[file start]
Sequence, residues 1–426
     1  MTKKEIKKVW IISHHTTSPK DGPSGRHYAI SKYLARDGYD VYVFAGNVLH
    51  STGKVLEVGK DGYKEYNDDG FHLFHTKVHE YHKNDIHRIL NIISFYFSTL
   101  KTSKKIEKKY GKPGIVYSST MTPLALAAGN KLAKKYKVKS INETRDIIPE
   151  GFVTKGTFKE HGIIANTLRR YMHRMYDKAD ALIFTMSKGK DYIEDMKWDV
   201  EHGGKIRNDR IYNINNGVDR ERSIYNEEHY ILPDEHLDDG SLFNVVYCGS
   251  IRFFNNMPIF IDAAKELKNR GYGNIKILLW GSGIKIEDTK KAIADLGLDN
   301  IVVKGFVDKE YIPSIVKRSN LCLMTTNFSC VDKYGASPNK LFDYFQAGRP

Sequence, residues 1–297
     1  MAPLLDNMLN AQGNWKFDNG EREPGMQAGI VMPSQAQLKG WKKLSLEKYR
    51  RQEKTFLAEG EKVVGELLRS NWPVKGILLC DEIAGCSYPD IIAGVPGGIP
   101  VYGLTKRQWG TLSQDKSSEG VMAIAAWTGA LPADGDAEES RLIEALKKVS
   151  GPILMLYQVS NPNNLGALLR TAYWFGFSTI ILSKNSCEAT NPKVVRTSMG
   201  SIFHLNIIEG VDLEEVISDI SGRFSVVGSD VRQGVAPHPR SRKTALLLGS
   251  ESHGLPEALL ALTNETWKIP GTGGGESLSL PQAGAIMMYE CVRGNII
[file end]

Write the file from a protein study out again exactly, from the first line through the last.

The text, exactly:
Sequence, residues 1–426
     1  MTKKEIKKVW IISHHTTSPK DGPSGRHYAI SKYLARDGYD VYVFAGNVLH
    51  STGKVLEVGK DGYKEYNDDG FHLFHTKVHE YHKNDIHRIL NIISFYFSTL
   101  KTSKKIEKKY GKPGIVYSST MTPLALAAGN KLAKKYKVKS INETRDIIPE
   151  GFVTKGTFKE HGIIANTLRR YMHRMYDKAD ALIFTMSKGK DYIEDMKWDV
   201  EHGGKIRNDR IYNINNGVDR ERSIYNEEHY ILPDEHLDDG SLFNVVYCGS
   251  IRFFNNMPIF IDAAKELKNR GYGNIKILLW GSGIKIEDTK KAIADLGLDN
   301  IVVKGFVDKE YIPSIVKRSN LCLMTTNFSC VDKYGASPNK LFDYFQAGRP

Sequence, residues 1–297
     1  MAPLLDNMLN AQGNWKFDNG EREPGMQAGI VMPSQAQLKG WKKLSLEKYR
    51  RQEKTFLAEG EKVVGELLRS NWPVKGILLC DEIAGCSYPD IIAGVPGGIP
   101  VYGLTKRQWG TLSQDKSSEG VMAIAAWTGA LPADGDAEES RLIEALKKVS
   151  GPILMLYQVS NPNNLGALLR TAYWFGFSTI ILSKNSCEAT NPKVVRTSMG
   201  SIFHLNIIEG VDLEEVISDI SGRFSVVGSD VRQGVAPHPR SRKTALLLGS
   251  ESHGLPEALL ALTNETWKIP GTGGGESLSL PQAGAIMMYE CVRGNII